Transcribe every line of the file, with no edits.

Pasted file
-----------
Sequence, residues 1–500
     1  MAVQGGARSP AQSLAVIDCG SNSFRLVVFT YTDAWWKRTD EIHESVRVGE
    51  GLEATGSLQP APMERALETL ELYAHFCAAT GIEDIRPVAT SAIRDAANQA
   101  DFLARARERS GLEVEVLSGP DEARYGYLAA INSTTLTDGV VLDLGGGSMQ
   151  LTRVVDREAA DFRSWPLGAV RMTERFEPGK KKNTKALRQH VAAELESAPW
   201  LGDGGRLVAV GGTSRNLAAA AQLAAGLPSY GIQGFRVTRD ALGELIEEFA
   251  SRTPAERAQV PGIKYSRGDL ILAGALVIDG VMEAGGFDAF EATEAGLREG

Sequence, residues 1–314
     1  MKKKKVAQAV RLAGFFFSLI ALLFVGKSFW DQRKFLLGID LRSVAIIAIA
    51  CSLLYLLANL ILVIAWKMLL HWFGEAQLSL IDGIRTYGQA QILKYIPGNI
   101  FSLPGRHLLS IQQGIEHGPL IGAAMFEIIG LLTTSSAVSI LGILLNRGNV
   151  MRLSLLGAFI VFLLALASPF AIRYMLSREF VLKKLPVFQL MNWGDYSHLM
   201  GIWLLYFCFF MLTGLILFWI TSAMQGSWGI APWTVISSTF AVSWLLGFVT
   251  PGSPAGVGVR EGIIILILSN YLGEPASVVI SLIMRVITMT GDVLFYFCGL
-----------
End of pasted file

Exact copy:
Sequence, residues 1–500
     1  MAVQGGARSP AQSLAVIDCG SNSFRLVVFT YTDAWWKRTD EIHESVRVGE
    51  GLEATGSLQP APMERALETL ELYAHFCAAT GIEDIRPVAT SAIRDAANQA
   101  DFLARARERS GLEVEVLSGP DEARYGYLAA INSTTLTDGV VLDLGGGSMQ
   151  LTRVVDREAA DFRSWPLGAV RMTERFEPGK KKNTKALRQH VAAELESAPW
   201  LGDGGRLVAV GGTSRNLAAA AQLAAGLPSY GIQGFRVTRD ALGELIEEFA
   251  SRTPAERAQV PGIKYSRGDL ILAGALVIDG VMEAGGFDAF EATEAGLREG

Sequence, residues 1–314
     1  MKKKKVAQAV RLAGFFFSLI ALLFVGKSFW DQRKFLLGID LRSVAIIAIA
    51  CSLLYLLANL ILVIAWKMLL HWFGEAQLSL IDGIRTYGQA QILKYIPGNI
   101  FSLPGRHLLS IQQGIEHGPL IGAAMFEIIG LLTTSSAVSI LGILLNRGNV
   151  MRLSLLGAFI VFLLALASPF AIRYMLSREF VLKKLPVFQL MNWGDYSHLM
   201  GIWLLYFCFF MLTGLILFWI TSAMQGSWGI APWTVISSTF AVSWLLGFVT
   251  PGSPAGVGVR EGIIILILSN YLGEPASVVI SLIMRVITMT GDVLFYFCGL